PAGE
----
My knees are beginning to ache from the cold soaking up out of the lichen-covered rocks. The rest of the archaeological team is gathering near the tallest remaining ruins, perching their asses on walls a meter thick and a thousand years old to eat peanut butter sandwiches and slurp instant coffee from styrofoam cups. Between there and here, abandoned digging and sifting tools lie scattered on the moss-green ground, glinting in the hard near-arctic sunlight that passes for summer in Greenland.
I turn my attention back to the private little square where I kneel, its parameters neatly marked with twine and pegs, tiny flags planted to show the exact location of artifacts already excavated. I know those pieces so well I can close my eyes and see them, practically smell the millennium-old damp earth hint of rot clinging to their surfaces: three bits of a badly deteriorated iron staff, a silver amulet the shape of a chair carved from a tree-stump, a typical Freya’s necklace pendant. . . .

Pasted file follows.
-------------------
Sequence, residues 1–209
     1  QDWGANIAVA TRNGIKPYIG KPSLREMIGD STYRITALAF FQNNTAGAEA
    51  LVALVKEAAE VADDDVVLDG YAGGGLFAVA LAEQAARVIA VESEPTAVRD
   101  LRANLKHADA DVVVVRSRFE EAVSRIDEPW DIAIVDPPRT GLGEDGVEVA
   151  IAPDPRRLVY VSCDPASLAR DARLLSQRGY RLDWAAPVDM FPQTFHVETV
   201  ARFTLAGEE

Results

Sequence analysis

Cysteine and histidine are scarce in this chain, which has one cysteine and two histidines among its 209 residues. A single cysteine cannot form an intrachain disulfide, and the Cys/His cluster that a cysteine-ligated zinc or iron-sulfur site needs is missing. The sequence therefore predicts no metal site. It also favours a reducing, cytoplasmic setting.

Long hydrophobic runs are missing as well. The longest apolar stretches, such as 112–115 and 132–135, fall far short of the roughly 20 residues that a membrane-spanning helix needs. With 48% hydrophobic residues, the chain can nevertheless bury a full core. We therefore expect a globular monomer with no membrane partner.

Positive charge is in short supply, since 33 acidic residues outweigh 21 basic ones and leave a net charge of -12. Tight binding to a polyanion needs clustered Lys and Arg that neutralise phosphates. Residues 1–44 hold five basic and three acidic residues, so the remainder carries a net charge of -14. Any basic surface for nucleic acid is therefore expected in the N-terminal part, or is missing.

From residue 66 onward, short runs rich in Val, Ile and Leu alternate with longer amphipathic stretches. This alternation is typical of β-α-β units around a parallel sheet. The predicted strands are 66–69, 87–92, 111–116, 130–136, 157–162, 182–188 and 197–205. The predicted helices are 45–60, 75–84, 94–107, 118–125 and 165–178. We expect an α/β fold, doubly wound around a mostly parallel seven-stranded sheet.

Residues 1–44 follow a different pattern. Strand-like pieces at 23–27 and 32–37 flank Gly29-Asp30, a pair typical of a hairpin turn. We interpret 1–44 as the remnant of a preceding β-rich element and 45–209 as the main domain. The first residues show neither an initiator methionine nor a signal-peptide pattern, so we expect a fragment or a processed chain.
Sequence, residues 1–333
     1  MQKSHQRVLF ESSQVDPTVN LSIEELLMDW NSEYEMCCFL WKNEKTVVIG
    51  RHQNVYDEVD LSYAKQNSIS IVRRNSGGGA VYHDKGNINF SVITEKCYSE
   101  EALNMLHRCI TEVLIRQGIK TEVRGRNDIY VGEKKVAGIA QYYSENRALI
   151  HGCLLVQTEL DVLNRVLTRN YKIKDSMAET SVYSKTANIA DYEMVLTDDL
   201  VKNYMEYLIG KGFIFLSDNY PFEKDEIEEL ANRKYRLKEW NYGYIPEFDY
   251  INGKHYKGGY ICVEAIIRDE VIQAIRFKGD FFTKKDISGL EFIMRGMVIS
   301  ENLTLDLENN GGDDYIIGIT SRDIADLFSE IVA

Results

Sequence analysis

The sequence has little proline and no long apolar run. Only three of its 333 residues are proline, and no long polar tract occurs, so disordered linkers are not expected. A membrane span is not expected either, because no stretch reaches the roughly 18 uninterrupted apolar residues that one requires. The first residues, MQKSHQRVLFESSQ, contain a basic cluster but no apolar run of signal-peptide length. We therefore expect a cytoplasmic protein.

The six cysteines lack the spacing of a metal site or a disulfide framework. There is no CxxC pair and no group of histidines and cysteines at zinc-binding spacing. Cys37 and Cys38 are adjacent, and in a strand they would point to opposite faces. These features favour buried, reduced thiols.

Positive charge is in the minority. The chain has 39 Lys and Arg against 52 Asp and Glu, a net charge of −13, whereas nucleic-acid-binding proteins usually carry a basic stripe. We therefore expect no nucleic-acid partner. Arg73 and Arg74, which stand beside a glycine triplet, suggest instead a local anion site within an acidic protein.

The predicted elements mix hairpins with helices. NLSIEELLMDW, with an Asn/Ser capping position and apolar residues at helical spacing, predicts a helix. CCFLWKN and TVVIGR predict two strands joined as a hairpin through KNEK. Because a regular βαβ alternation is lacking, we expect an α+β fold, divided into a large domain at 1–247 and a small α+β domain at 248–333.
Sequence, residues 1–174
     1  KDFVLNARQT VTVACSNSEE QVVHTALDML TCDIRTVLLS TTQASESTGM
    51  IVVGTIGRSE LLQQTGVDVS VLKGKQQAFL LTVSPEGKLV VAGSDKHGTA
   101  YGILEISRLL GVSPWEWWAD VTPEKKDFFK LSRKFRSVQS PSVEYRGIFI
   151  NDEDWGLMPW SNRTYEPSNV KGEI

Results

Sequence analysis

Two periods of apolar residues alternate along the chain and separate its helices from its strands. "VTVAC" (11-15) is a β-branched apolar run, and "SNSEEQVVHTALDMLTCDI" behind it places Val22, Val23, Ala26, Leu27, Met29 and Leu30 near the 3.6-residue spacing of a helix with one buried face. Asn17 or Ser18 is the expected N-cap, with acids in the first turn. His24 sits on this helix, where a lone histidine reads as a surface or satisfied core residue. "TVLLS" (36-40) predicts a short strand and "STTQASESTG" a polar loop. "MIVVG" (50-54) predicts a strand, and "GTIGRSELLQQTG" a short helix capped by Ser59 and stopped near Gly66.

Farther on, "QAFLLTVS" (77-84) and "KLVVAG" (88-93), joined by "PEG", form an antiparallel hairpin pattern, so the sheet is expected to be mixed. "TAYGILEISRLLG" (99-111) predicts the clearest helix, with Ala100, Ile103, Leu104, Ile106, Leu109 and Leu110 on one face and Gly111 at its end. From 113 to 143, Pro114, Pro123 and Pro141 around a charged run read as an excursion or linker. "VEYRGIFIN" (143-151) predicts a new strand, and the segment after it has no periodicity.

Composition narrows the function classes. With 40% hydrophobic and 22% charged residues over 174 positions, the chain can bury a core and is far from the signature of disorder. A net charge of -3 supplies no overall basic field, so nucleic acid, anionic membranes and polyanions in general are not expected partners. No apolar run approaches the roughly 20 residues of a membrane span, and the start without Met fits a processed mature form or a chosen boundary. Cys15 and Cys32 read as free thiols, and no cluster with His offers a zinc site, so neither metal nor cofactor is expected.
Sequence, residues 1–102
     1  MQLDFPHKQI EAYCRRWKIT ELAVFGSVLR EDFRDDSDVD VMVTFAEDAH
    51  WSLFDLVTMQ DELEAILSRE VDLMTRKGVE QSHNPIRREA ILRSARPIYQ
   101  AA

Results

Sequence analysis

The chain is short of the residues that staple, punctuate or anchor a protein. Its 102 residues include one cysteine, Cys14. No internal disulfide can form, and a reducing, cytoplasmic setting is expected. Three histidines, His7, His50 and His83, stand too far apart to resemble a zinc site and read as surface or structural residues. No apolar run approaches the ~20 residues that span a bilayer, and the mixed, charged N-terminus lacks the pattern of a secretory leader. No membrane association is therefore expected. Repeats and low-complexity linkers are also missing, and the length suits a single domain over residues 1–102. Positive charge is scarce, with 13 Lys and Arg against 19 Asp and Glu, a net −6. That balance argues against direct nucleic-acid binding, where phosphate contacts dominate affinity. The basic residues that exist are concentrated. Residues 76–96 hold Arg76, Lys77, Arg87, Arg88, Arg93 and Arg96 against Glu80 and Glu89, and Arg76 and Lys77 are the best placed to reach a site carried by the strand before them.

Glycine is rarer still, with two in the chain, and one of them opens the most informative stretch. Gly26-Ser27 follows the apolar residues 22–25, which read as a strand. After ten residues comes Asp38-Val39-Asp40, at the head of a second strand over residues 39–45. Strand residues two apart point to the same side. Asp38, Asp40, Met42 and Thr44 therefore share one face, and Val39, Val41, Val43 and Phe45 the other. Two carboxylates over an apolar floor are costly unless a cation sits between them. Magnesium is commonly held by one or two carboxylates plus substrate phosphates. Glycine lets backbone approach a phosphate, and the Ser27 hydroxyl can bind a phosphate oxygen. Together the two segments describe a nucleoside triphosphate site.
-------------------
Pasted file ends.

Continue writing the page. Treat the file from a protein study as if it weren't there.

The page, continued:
This is a woman’s grave.
Read the rest of “A Good Thing and a Right Thing” in the June 2013 issue of Ellery Queen Mystery Magazine, on newsstands now!